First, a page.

|The annual pea leaf weevil (Sitona lineatus L.) survey was carried out in late May and early June, 2014. Damage in 2014 was much higher than in 2013, especially in southern Alberta. The 2014 survey was based on damage ratings in 124 fields from 31 municipalities. In each field the total notches per plant are counted on 50 plants (10 plants in 5 locations near the field margin). The damage rating for a particular field is the average number of notches per plant. For information about the pea leaf weevil and its life cycle. |
For any producers south of Highway 1 plus the counties of Kneehill, Wheatland, Newell and Cypress there is risk of damaging levels of pea leaf weevil in 2015. The areas in northern Wheatland county and Kneehill county have not previously seen such high populations of pea leaf weevil. Producers should use this information along with their own experience to plan control strategies such as seed treatment for the 2015 crop year. Research has shown that seed treatment is much more effective in reducing losses from pea leaf weevil than foliar treatments.
In addition areas even further north have seen significant pea leaf weevil damage on fababeans. This insect causes as much or more damage on fababeans. The true economic damage of this insect on both peas and fababeans on the higher organic matter soils of central Alberta is not well understood.
Some VERY low levels of feeding damage were once again found in throughout central Alberta. This damage is so low that there is no risk of serious issues with pea leaf weevil throughout central Alberta in 2015. This area is almost exactly the same as previous years and although this is a range expansion the damage rating numbers are still exceedingly low. It will be important to watch the development of these populations over the next few years. Survey locations shown with black circles had no evidence of pea leaf weevil feeding on any of the plants assessed.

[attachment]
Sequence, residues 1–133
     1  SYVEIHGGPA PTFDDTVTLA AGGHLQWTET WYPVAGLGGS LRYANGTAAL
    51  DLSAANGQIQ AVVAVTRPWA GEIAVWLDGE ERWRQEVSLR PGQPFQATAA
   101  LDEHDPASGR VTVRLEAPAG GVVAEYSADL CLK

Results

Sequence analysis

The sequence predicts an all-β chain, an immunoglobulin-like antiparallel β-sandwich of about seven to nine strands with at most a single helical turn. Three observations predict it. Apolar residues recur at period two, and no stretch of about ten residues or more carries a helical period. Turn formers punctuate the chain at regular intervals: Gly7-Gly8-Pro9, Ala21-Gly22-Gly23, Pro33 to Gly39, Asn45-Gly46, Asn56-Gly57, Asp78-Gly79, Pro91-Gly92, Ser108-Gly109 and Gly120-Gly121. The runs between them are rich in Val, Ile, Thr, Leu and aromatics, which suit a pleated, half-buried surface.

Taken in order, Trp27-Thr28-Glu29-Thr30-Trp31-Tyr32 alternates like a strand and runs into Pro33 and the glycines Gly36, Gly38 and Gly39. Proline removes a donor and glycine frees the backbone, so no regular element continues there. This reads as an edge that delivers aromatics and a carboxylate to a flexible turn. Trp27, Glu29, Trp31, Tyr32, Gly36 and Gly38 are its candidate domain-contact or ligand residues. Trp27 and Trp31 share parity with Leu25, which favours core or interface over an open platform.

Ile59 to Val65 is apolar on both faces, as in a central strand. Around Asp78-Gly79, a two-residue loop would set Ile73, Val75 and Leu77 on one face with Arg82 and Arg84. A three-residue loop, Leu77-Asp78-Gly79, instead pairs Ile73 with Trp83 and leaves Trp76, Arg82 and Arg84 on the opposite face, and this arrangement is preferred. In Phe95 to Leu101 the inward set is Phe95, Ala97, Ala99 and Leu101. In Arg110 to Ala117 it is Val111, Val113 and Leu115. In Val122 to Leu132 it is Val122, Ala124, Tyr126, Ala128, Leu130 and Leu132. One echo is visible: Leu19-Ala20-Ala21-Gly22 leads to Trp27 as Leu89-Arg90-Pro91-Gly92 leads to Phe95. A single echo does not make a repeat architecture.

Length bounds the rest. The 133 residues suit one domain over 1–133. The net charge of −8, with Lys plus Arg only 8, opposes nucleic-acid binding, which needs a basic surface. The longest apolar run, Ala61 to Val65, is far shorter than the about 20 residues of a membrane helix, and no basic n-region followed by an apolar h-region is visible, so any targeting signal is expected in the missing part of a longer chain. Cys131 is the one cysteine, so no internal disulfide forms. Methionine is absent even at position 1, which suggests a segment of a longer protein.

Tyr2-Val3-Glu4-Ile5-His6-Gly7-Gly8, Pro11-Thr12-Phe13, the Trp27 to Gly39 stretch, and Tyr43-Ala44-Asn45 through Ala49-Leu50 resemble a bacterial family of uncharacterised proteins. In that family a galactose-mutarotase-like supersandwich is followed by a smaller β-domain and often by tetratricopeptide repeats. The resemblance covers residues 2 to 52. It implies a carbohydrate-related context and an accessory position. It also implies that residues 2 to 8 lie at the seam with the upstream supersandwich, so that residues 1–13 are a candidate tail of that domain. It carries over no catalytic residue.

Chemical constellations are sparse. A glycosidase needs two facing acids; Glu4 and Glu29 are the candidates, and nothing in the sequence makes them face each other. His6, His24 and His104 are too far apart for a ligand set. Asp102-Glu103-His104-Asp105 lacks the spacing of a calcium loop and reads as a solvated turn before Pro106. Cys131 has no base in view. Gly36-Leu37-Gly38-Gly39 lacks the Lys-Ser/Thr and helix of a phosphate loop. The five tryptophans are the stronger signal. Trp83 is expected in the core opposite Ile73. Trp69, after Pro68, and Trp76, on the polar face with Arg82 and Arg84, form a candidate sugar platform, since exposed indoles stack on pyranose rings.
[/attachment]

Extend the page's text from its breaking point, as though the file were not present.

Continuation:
Although this is not a strict forecast, experience has shown us that the higher the damage rating in this survey, the higher the risk of damage in the next year. Based on studies of pea leaf weevil biology, moisture in August appears to be a significant predictor of changes in population. Together this information suggests that pea leaf weevil has the potential to be an important pest in 2015.
Spring weather conditions have a very large impact on the timing and severity of pea leaf weevil damage. When warm conditions (>20o C) persist for more than a few days in late April or early May the weevils arrive in fields early. Early arrival corresponds to the potential for higher yield losses. In years where cool weather persists, the arrival of PLW can be much later and the resulting yield impact appears to be lower especially when the crop advances past the 6 node stage before weevils arrive. In every case control decisions should be made on a field by field basis.
Life cycle information
Frequently Asked Questions
The 2014 pea leaf weevil survey was carried out by Alberta Agriculture and Rural Development. Thank you for your contribution.
Thank you David Giffen, Agriculture and Agri-Food Canada, Saskatoon for building the map.
For more information on this insect and its management contact the Ag-Info Centre at 310-FARM (3276).